President Barack Obama, putting his mark on U.S. aid to Africa, announced a plan to boost access to electric power in the sub-Sahara and said America stands to benefit if the continent reaches its full economic potential.
Obama unveiled the $7 billion initiative dubbed Power Africa at the University of Cape Town in a speech that his aides billed as the centerpiece of his three-country tour through Senegal, South Africa and Tanzania to promote trade and investment on the rapidly growing continent.
The president’s goal is to double access to electricity across six countries that the White House has singled out for promoting good governance -- Ethiopia, Ghana, Kenya, Liberia, Nigeria and Tanzania.
“I’m calling for America to up our game when it comes to Africa,” he said. “There’s no question Africa’s on the move, but it’s not moving fast enough for the child still languishing in poverty in forgotten townships.”
American companies see growing opportunity in Africa. U.S. merchandise exports to the 49-country region were $21 billion in 2011, up 23 percent from 2010, according to the Office of the U.S. Trade Representative. Imports from sub-Saharan Africa were worth $74 billion in 2011, up 14 percent from 2010. Most of that, about $60 billion, was crude oil.
Africa has 15 percent of the world’s population yet it accounts for only 3 percent of energy consumption, according to a 2011 report by the African Union and other organizations.
With Nelson Mandela’s fragile health weighing heavily throughout the African trip, the U.S. president has invoked the anti-apartheid icon’s legacy to draw the connection between democratic values and economic growth.
Obama’s speech included a tribute to Mandela and he and his family toured the apartheid-era prison at Robben Island, finishing in a courtyard near Mandela’s former prison cell. He then visited a community center that provides HIV education and treatment run by Archbishop Desmond Tutu’s foundation.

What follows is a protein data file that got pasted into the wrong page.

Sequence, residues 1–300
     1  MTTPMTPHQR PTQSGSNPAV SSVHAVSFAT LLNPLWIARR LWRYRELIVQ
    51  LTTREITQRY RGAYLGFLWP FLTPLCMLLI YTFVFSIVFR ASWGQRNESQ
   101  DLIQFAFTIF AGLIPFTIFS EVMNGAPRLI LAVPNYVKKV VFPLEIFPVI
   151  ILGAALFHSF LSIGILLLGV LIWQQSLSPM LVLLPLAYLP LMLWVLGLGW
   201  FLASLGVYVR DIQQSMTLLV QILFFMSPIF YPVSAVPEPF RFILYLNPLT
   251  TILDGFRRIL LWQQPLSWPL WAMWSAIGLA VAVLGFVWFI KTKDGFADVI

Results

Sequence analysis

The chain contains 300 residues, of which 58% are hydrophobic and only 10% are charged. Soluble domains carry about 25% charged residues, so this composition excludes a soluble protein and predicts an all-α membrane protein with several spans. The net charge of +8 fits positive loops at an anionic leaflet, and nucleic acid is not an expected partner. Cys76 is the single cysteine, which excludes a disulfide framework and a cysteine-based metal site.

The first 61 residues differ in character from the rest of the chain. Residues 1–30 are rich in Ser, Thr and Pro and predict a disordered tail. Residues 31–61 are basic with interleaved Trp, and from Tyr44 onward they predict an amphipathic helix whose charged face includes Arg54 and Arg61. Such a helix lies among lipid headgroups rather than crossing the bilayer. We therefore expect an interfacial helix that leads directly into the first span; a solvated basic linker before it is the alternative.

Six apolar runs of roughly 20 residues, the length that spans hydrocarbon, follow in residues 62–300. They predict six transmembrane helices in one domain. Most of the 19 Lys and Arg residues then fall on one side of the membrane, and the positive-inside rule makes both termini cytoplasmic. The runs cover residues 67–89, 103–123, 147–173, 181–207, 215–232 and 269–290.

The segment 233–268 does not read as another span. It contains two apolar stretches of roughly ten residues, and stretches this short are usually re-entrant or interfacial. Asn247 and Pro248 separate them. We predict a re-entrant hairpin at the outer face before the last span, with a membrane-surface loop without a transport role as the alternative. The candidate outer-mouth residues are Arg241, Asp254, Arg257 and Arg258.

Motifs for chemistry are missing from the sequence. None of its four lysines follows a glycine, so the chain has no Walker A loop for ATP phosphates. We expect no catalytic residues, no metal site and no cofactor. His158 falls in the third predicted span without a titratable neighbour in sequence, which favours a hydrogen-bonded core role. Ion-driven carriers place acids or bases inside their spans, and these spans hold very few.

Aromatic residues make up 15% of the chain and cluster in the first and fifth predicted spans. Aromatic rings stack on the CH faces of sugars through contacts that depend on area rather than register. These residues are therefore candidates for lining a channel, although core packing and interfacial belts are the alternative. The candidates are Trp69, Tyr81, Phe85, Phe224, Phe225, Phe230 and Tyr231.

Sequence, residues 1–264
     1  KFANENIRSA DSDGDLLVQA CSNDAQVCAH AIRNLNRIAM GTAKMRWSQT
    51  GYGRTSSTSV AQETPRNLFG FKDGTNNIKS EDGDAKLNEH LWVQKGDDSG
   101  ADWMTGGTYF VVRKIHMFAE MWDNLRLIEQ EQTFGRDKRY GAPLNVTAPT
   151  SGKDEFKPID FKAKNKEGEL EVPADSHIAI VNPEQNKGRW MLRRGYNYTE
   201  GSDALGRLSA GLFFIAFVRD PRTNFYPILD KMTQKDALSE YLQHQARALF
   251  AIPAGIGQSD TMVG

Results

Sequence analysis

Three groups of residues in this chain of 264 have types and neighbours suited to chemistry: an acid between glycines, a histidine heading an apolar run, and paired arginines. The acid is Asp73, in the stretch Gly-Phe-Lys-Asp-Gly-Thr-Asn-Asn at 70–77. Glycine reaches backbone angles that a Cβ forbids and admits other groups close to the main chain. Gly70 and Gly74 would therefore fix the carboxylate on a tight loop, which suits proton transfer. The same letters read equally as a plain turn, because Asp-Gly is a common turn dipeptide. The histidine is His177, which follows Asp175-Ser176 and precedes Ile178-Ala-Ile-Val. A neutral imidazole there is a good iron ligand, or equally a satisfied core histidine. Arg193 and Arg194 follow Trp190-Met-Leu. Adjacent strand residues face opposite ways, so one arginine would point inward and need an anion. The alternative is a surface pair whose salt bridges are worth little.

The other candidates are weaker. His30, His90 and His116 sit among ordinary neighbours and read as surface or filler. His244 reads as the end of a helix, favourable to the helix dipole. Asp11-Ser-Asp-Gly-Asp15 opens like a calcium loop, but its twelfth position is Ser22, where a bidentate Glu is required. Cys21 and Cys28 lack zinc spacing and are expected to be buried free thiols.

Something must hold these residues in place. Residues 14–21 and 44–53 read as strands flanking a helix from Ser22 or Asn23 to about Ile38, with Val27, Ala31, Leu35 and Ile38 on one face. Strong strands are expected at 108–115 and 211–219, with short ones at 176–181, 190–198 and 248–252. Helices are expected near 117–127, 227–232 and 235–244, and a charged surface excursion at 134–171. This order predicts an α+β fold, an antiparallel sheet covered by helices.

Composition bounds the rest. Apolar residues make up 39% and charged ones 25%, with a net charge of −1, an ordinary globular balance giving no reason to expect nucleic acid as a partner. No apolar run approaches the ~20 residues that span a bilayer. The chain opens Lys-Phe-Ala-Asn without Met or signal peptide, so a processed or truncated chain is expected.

While Africa is rising, progress is “fragile,” vulnerable to “the rot of corruption” and “the undertow of conflict,” Obama said in his speech.
He will travel today to Tanzania for the last stop of the three-nation tour. In the country’s fast-growing metropolis of Dar es Salaam, he’ll convene a roundtable of company executives and promote investments in electrification projects.
Recognizing Africa’s rapid growth -- as well as domestic budget constraints -- Obama said yesterday the U.S. is moving beyond the kind of direct financial assistance its provided in the past. Instead, he said he wanted to promote a new model that focuses on Africa’s “capacity to solve problems.”
The power initiative follows the public-private partnership model and builds on his administration’s efforts to enhance food security, fight malaria and attempt to eradicate the spread of HIV/AIDs for Africa’s next generation, he said.
Power Africa’s $7 billion in government assistance will complement $9 billion in private funds to double access to power in sub-Saharan Africa, where more than two-thirds of the population is without electricity, according to the White House.
During the first, five-year phase, the project’s goal is to add more than 10,000 megawatts of cleaner, more efficient electric generation capacity and to expand electricity access to at least 20 million new households and commercial entities, according to the White House.
General Electric Co. is among the companies that have contributed to the $9 billion in private-sector funding for the program’s first phase. It has committed to help bring 5,000 megawatts of new energy to Tanzania and Ghana.
Increasing access to power will “plug Africa into the grid of the global economy,” Obama said.
Officials declined to put a price tag on the total effort and didn’t specify how much of the $7 billion in government resources Congress would need to appropriate for the initial phase. The sum isn’t all straight assistance and includes money from the U.S. Agency for International Development, the Overseas Private Investment Corp., the Export-Import Bank and other agencies, they said.
“The program is welcome support to the continent where energy access and energy poverty remain significant concerns,” said Taryn Wilkins, an analyst at Bloomberg New Energy Finance in Cape Town. “Key to the success of the implementation of the program is the support of local governments and policy regulation. To date this has been fragmented and inconsistent and resulted in slower development of energy infrastructure programs.”
The announcement came amid criticism that Obama’s engagement with sub-Saharan Africa has lagged behind his predecessors, Bill Clinton and George W. Bush, giving China an opportunity to tap the region’s resources.
Bush, who took U.S. spending on Africa to new levels, made a six-country visit in 2008 and a three-country stop in 2011 after he left the White House. His Africa legacy includes PEPFAR, a $15 billion commitment to prevent and treat AIDS infections, credited with saving or extending millions of lives.
Clinton signed the African Growth and Opportunity Act, a trade agreement with countries in sub-Saharan Africa.
Obama may meet his Republican predecessor while in Dar es Salaam. Bush will be there at the same time for a summit to empower Africa’s first ladies, sponsored by the George W. Bush Institute. First lady Michelle Obama will join Laura Bush at the event.